We invest in equities because they compound wealth faster than other asset classes. We note that if you go through the list of the richest people on the planet, they are mostly owners of one stock, which is their own company. Owning one great company with superb prospects bought at a cheap price, in your portfolio, can lead to great wealth creation. But a single stock can fail too, so there is a very high risk. Also when you are buying in secondary markets, you are most likely not getting the stock particularly cheap, nor are you in control of the company s destiny or fully cognisant of the same. So, as "minority investors" you need to "diversify".
Then the question is how much diversification is needed. If you diversify too much, say, own 50 stocks or more, you will end up diversifying away your returns and get only index returns. For the vast array of investors with no superior knowledge about equity investing and businesses, this could be the optimal choice. Own the index, keep the costs of owning stocks minimal and be happy with index returns. For the very few, who have acquired enough knowledge on stock investing, it makes sense to optimise their returns by owning only a few stocks with superior prospects.

For such specialised equity investors, it makes sense to "concentrate" their investments. Time horizon of investment plays a crucial role in this game. It is quite difficult to predict stock performance over short periods of time, as short term performance is driven to a large extent by sentiments. But if you have a long enough horizon though, the odds of the skilled concentrated investor become vastly better. Because the long-term performance of stocks is driven largely by fundamentals alone.

Remember in the short term markets are a voting machine while in the long term they are a weighing machine! Essentially, if you are skilled enough to be able to pick and choose businesses which will do very well over the next five to 10 years, then and only then you should concentrate your investments by picking and choosing those businesses within this set which you can buy enough quantity at a fair price. Invest in a few stocks, invest for the long term! That is the mantra for us.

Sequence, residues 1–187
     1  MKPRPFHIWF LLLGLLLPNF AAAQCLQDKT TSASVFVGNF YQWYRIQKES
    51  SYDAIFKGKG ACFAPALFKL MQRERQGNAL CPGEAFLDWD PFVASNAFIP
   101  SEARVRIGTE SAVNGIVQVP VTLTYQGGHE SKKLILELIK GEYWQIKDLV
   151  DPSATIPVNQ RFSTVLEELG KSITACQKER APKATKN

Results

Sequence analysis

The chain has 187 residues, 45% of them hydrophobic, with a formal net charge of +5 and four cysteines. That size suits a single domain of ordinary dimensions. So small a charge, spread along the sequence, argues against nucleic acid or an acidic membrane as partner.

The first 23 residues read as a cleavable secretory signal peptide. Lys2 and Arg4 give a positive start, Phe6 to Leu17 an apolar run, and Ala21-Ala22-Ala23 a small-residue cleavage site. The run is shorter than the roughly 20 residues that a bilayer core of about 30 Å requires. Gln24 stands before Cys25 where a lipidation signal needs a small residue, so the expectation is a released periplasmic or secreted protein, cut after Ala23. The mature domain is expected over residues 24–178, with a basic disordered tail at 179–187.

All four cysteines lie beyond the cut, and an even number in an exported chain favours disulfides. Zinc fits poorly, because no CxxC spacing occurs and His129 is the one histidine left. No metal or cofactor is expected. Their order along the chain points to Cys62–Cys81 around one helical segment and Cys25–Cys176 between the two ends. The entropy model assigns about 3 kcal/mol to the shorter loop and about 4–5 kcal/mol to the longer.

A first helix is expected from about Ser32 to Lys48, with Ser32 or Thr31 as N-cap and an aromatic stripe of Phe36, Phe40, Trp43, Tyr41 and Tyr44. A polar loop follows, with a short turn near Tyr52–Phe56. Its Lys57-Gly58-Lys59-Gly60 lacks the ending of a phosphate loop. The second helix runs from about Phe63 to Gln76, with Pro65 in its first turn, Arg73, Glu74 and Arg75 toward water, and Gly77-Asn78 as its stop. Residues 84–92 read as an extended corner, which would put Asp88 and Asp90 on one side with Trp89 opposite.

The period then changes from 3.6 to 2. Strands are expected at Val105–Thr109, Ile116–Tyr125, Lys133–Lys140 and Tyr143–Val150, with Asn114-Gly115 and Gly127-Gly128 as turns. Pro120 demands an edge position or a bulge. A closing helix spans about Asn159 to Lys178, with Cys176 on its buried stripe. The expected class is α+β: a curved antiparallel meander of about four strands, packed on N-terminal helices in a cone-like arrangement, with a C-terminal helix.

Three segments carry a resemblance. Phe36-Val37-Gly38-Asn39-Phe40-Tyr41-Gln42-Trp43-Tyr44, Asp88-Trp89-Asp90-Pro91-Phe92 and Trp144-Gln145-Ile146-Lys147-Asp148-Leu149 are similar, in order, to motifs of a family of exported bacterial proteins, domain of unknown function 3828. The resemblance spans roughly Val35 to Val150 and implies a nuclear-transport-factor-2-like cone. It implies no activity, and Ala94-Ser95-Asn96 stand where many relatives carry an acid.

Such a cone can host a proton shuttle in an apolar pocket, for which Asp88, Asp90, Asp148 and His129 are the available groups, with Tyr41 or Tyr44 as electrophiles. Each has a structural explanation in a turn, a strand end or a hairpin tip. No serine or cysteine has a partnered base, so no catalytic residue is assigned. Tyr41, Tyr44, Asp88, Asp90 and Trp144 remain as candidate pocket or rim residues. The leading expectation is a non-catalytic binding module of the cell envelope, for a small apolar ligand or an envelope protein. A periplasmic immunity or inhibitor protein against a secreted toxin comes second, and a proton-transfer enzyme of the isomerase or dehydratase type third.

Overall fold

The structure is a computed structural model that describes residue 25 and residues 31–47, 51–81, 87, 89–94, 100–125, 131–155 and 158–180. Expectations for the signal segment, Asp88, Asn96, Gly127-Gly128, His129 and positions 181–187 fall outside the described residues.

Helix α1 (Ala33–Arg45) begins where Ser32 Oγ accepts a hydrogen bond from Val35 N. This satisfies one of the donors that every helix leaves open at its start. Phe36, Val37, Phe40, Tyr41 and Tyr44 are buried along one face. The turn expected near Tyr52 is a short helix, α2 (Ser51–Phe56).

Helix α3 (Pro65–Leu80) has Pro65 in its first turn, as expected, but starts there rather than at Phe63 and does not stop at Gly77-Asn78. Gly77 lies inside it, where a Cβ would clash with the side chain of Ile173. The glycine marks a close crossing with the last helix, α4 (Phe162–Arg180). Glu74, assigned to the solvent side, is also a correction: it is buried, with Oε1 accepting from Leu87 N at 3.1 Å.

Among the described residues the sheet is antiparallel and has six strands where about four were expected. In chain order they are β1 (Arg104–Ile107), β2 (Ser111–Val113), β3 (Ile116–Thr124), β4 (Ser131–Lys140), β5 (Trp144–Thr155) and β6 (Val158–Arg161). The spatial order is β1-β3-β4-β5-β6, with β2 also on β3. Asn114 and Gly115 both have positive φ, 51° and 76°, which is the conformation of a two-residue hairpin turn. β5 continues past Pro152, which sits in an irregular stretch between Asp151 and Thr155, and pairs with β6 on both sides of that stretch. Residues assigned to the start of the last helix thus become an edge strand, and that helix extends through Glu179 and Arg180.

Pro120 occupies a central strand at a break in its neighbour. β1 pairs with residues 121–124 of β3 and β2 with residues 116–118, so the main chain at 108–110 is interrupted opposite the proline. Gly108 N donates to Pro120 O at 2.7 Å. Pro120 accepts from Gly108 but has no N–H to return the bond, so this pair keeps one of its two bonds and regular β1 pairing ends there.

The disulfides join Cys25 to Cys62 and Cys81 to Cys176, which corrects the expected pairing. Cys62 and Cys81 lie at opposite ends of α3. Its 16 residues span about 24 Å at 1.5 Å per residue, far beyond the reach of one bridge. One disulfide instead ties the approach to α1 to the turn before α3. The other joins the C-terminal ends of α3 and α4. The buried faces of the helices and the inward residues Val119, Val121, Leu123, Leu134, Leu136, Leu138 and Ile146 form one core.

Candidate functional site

Becoming better business analysts is the underlying skill set , which we need to continue honing. I can not over-emphasise the importance of this skill. This is practically the holy grail of successful concentrated investing over the long term. You need to be able to separate the prospective successes from the failures from the vast array of companies that the market throws at you, and keep doing this consistently. You will make mistakes in this process, accept them quickly and take corrective action, otherwise you will end up paying a high price.

Remember that the future is a continuum of probable outcomes and the probabilities can change with time. Have great faith in your hypothesis, but only as long as it remains valid. Keep a third eye open for the curve-balls, the past successes which metamorphose into failures in today s dynamic business environment. Hone your ability to judge people s character and competence, especially the business leaders- each more bullish than the other about his future prospect. Concentrated Investing done successfully is tough and hence "it must be done".